Pranab hosts banquet for Morsy
New Delhi, Mar 20 : President Pranab Mukherjee hosted a banquet in honour of President of the Arab Republic of Egypt, Mohamed Morsy, at Rashtrapati Bhavan here on Tuesday.
Text of Mukherjee's speech:
1 It gives me great pleasure to extend a warm welcome to you, Excellency, and the distinguished members of your delegation on your first State Visit to India. Your presence here today, as the democratically elected President of Egypt is particularly significant.
2 It has been now more than 2 years since the historic events at Tahrir Square. We, in India, watched with admiration and respect as the young crowds in Cairo chanted Selmiyya Selmiyya (peacefully, peacefully) and echoed the words of the Father of our Nation, Mahatma Gandhi. Gandhi himself, during India's long freedom struggle, had drawn upon the Egyptian experience in fighting colonialism, and held in high esteem leaders such as Saad Zaghloul. While returning from a Conference in London in 1931, he was prevented from disembarking at Port Said by colonial authorities. He instead issued a message to the Egyptian people wishing them all success in their struggle.
3 As your Excellency is well aware, our historical ties go back much further. Even prior to the Common Era, Emperor Ashoka's edicts record contact with Egypt under Ptolemy II. Traders, artisans and philosophers have crossed the seas time and again to enrich each other's composite cultures. It is really no surprise, that commercial and cultural interactions continue to be at the forefront of our relations. I am happy to note that bilateral trade has increased steadily in the last 5 years, crossing $5 billion, despite the global economic slowdown. Indian companies across diverse sectors continue to invest in Egypt. During your visit a number of agreements have been signed, indicating our extensive cooperation in a variety of fields.
4 Excellency, the future will be determined by the youth of our nations. India and Egypt may be ancient cultures, but our people are young, and their aspirations, hopes and grievances will determine our progress. As we strive to provide greater economic opportunities, and channelize the energies of our youth towards nation building, we recognize that it cannot be business as usual. We must find new ways of engagement within our societies and between our countries. Democracy is incomplete without equity. The yearning for 'bread, social justice and equality' is universal.
5 At the international level, Egypt and India have worked together closely, recognizing that in our inter-connected world, threats and opportunities, whether it be climate change, terrorism or trade are truly transnational issues. We are confident of your support and participation in revitalizing South-South cooperation, particularly in the Non-Aligned Movement and in the Group of 77. We seek your active cooperation in building a genuinely representative global order.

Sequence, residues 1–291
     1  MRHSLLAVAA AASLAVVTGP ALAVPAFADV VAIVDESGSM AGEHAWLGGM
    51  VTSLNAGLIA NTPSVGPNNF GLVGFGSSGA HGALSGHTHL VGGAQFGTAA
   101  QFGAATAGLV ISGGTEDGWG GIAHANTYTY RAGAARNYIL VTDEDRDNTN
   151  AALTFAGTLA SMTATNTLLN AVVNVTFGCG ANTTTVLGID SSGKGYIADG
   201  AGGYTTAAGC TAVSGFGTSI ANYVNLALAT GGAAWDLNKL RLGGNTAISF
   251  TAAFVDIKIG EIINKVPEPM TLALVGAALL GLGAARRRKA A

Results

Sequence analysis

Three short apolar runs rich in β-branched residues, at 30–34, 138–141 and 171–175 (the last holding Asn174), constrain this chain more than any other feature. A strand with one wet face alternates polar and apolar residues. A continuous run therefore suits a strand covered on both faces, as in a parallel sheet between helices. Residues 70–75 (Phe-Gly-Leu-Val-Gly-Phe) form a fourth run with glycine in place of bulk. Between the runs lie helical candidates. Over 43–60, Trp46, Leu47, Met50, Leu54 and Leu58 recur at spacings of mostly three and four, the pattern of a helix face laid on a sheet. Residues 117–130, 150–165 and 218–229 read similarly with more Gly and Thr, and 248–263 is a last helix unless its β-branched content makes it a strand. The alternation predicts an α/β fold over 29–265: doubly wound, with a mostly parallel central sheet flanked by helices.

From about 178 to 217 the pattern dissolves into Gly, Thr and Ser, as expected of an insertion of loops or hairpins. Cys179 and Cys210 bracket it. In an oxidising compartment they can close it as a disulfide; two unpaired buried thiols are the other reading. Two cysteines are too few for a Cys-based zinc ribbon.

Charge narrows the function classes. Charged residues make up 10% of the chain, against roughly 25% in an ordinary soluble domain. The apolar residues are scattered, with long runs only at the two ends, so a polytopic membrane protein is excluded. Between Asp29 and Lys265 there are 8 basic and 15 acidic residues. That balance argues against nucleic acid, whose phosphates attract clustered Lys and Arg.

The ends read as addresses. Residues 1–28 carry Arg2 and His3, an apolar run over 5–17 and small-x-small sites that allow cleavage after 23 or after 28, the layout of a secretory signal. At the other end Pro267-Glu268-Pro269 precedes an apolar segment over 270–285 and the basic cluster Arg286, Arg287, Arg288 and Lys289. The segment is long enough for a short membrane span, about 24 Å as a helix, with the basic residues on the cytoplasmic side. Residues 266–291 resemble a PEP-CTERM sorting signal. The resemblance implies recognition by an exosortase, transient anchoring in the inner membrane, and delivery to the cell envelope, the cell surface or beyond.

6 In the year 1926, the Indian poet and humanist Rabindranath Tagore arrived in Cairo to deliver a lecture. He was hosted at the house of the most celebrated of Arab poets, Ahmed Shawki, where to his surprise, many of the political leaders turned up to greet him, postponing the Parliament session by an hour. Tagore would write of the event in his diary "This was a novel way to show me their respect, a homage paid to knowledge by politics. This was possible only in the East." Tagore was referring to Egypt as a symbol of the East, where under the glory and might of the Arab and Islamic civilization, knowledge and scholarship were celebrated, and freedom of thought and individual rights were respected.
7 Excellency, we are confident that these same values inspire your thought and your action in Egypt, as well as in the larger politics of West Asia, where your sage counsel is so critically needed. We stand with you in our unequivocal support for the legitimate aspirations of the Palestinian people, and look forward to working closely with you in realizing that goal.
8 Excellency, two years ago, the people of Egypt chose to walk the long and difficult path of democracy. I use the metaphor of the road deliberately, since we in India know today, 65 years after independence, that democracy is neither a destination nor an absolute principle. It is more in the nature of a journey, with the steady creation of independent institutions and the careful accretion of compromises, all the while remaining faithful to the essential values of human dignity and freedom. And as much as any journey is made more fulfilling by the presence of companions, we in India stand ready to walk with your great nation as we move from our glorious past to a more perfect future.
9 With these words, Excellency, I once again welcome you and your distinguished delegation and wish you a comfortable stay in India. I am confident that your visit will be the beginning of a new era of enhanced cooperation and closer ties between our two great nations.
10 Please also accept, Excellency, our best wishes for your personal well-being and the progress and prosperity of the friendly people of the Arab Republic of Egypt.